The social model has been widely adopted, albeit in varying forms, and underpins the United Nations Convention on the Rights of People with Disabilities (UNCRPD) (UN 2006), a human rights instrument intended to ensure equal participation and representation of people with disabilities in their communities. The UNCRPD has been widely ratified by member states. For the purposes of this study, we have adopted the definition of disability given by the UNCRPD (UN 2006), which views disability as an:

evolving concept, that arises from the interaction between persons with long-term physical, intellectual and sensory impairments and attitudinal and environmental barriers that inhibit their full and effective participation in society on an equal basis with others. (UN 2006:1)

The extent to which the environment in which the individual with an impairment operates is enabling or disabling is of primary importance and is thus foregrounded within this definition, as opposed to an emphasis on the impairment itself.

The UN has made specific recommendations regarding changes toward disability inclusion that should be led by universities and higher education institutions (HEIs) (Blumenthal & Boelen 2001). Article 8 of the UNCRPD, on awareness-raising, requires state parties to:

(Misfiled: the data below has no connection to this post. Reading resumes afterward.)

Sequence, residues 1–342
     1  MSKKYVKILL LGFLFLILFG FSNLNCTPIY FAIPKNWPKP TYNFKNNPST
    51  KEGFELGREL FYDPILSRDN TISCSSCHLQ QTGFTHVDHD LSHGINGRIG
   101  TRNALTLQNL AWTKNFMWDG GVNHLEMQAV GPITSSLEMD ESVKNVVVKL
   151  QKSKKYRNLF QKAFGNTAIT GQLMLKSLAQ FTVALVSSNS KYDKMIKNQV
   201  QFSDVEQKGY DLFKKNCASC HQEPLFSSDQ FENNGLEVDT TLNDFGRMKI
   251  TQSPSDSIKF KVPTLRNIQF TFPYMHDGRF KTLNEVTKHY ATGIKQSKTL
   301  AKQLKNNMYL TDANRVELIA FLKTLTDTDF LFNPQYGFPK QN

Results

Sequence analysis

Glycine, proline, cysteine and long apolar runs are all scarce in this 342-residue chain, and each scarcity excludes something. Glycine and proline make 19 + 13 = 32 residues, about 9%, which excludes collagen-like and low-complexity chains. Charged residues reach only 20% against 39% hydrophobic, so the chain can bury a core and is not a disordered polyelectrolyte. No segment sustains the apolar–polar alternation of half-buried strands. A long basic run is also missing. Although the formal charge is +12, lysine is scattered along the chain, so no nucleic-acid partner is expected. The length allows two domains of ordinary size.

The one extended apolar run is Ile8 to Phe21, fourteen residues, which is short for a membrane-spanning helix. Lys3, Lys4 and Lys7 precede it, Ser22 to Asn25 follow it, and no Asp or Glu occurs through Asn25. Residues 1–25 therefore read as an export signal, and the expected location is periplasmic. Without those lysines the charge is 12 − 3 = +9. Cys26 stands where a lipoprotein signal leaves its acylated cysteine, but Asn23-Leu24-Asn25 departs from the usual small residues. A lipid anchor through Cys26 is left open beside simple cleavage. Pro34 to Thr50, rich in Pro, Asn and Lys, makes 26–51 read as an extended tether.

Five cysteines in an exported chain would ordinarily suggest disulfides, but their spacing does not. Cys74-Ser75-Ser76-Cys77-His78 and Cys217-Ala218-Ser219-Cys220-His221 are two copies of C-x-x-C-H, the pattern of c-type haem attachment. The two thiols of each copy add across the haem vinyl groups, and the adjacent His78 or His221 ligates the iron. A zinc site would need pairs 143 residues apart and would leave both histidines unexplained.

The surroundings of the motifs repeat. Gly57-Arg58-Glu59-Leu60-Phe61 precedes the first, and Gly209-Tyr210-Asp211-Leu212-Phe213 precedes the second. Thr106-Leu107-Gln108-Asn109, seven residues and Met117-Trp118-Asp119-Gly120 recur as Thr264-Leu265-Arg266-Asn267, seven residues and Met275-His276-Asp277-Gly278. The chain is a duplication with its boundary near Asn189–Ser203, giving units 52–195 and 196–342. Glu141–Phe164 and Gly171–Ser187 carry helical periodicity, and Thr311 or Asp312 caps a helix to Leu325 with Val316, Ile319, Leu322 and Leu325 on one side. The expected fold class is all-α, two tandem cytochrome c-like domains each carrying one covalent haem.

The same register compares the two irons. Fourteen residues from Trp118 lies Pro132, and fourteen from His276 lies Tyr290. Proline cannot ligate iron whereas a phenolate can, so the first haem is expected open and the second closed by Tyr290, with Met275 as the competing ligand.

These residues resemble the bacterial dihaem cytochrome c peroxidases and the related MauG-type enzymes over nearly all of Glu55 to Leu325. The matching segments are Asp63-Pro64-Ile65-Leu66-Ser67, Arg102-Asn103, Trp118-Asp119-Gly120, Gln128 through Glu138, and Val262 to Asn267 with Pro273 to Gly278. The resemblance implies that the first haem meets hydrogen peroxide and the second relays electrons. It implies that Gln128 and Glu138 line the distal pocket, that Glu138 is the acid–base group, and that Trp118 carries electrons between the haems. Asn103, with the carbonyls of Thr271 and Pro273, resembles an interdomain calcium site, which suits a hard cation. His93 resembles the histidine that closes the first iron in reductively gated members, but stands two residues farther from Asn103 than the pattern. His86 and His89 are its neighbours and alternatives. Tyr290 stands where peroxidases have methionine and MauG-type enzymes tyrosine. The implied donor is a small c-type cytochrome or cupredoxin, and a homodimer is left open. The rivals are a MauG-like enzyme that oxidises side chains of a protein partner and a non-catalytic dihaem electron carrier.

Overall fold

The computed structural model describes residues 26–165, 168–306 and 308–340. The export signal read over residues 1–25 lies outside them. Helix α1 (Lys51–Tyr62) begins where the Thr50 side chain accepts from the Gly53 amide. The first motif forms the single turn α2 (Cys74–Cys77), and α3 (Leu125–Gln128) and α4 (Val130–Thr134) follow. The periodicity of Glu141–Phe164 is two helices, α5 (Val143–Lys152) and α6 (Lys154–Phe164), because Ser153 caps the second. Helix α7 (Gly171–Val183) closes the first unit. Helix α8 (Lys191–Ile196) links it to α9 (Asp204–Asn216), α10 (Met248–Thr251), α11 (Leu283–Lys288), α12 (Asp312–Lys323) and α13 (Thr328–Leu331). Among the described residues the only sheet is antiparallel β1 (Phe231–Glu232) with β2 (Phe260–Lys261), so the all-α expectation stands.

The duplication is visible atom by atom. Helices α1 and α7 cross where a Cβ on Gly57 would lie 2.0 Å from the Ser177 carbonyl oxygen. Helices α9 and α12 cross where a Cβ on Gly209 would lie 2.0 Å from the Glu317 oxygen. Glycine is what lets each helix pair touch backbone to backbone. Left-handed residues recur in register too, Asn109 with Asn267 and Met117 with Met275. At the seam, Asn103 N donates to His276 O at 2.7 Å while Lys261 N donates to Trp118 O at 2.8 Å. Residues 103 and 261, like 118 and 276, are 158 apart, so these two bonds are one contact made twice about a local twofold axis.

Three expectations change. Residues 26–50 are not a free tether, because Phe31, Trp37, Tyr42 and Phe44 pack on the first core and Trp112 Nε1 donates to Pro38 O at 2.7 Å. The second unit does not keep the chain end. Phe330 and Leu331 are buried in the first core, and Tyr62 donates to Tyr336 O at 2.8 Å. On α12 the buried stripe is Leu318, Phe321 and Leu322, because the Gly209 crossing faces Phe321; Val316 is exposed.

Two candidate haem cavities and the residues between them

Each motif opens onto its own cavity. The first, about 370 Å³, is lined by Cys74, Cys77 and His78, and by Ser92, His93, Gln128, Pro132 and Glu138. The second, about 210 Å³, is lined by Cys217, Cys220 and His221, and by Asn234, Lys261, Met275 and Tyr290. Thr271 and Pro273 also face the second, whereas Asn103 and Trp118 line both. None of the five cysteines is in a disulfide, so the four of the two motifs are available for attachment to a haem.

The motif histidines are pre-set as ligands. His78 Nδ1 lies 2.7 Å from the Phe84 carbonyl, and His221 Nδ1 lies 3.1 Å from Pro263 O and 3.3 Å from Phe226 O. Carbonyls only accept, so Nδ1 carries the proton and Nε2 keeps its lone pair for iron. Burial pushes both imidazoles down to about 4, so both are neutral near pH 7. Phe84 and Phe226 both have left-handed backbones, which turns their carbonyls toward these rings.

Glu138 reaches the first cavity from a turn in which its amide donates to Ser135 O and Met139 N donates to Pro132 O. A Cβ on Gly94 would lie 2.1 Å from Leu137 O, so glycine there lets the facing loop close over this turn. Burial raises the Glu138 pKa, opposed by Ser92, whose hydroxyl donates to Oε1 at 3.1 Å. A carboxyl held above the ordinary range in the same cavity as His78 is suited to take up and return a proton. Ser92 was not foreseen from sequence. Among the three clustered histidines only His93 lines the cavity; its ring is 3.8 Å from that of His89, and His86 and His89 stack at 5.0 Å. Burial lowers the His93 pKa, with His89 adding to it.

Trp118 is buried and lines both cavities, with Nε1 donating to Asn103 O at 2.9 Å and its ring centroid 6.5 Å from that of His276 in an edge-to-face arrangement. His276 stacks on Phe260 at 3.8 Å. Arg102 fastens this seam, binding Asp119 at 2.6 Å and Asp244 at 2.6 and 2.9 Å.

nurture receptiveness to the rights of persons with disabilities, and to promote positive perceptions and greater social awareness, fostering in all children and at all levels of education, the respect of people with disabilities. (UNCRPD 2006:11)

Article 24 of the UNCRPD, on education, strongly advocates the need to create awareness on disability issues in higher education, towards the support of lifelong learning for people with disabilities. There are a number of studies (Getzel 2008; Konur 2006; Lynch & Gussel 2001; Murray et al. 2009; Tagayuna et al. 2005; Vogel et al. 1999) that focus on strategies within HEIs for the inclusion of people with disabilities and the various ways they may be included, but the focus of this study is the wider impact arising from the inclusion of disability as a concept in the curriculum. HEIs have a unique position and influence which can be used to create a more inclusive culture, and the curriculum is one of the vehicles by which this change can occur.